Whenever you are working on a feature there are multiple things you have to take into account to consider it done. The obvious are the functional requirements of your story. However, on top of that there is also a huge list of details you need to align to. e.g. Code styling, testing, documentation, logging, alerting, accessibility, security and performance.
If these elements are explicitly defined and thought of it's easier to early detect issues and solve them in an efficient manner.
Although performance was last on my list that doesn't mean there's an order in which you should take care of them and this might depend on the values of your company and the current stage of your project.
I want to tell you a little bit of my experience on being a spectator/participant of some sort of web performance culture creation.
It's a Friday afternoon, you have just merged a pull request for a new shiny feature many people were waiting for. Time for presentation, you go in there, present to all the right stakeholders. Together you celebrate the beginning of a new era and then you continue onto your next assignment.
This process continue until one day someone asks: "Why is it this slow?"
Confused but interested in what's next, a conversation it's triggered. "Where exactly?" you asked.
The answer is vague but with a powerful moving force: "I don't know. The page feels slow in general"
Depending on the company and the people around it this can go without noticing until the frequency of the question shows a clear sign that performance is perceived as "slow" and maybe it's time to do something about it.
🌱 A seed has been planted. It's up to the people to make sure this keeps growing.
At some point you feel this is something you should talk about. The subject pops up in a meeting like the retrospective or someone with a loud enough voice says something (CEO/CTO) or it could be someone external to the company. It doesn't matter how but a meeting is held.
The meeting goes around these lines:
Developer: Can you tell us what do you feel is slow?
Other party: Sure! Look, when I click here and I try to do "X" I have to wait a lot. This didn't use to be the case.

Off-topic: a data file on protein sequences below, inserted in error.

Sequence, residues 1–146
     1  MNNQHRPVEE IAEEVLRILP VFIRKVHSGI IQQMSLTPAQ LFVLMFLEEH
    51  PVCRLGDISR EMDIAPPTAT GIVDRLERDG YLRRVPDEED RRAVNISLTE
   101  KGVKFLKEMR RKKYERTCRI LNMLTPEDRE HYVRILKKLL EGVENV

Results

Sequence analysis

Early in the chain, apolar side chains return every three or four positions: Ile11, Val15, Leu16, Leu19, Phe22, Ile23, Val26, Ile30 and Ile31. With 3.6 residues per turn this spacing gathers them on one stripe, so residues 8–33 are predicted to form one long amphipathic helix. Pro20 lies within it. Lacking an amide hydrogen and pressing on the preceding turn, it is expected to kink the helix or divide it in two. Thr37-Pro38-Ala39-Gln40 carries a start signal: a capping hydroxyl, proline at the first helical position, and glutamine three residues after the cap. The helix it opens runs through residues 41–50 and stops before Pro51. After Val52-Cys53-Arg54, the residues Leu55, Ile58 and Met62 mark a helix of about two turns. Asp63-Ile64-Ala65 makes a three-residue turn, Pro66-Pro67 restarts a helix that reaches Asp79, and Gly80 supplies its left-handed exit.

Developer: 🤔 ...We'll investigate.
One dev: What do the metrics say?
The rest: Metrics?
If you reach this situation you probably want to start gathering data. It's really hard to check when your systems go slow if you are not tracking metrics that could help you determine the previous and current state.
Metrics are an important part of building a performance culture because when we all talk in relative terms: Slow / Fast / Ok. It's pretty hard to say if we are all on the same page.
What do we measure? How? These are questions that require their own article.
Having a measuring tool is essential to start with performance improvements and if you want to make it to be more than a one-time thing it doesn't end there. Culture is a bold word and brings with it a lot more than a measuring tool.
We know how information is so valuable to pretty much everything. Performance is not the exception and having data to help your team in your decisions will be the base when answering these other two questions:
I won't cover those today.
A simple question can trigger a cascade of events that could improve the outcome of your deliverables. Performance is not an easy topic because many times it involves many more grounds than I could cover or even think about in a single post. Do not ignore these relative observations coming from fellow colleagues and if you are not measuring: Maybe you should!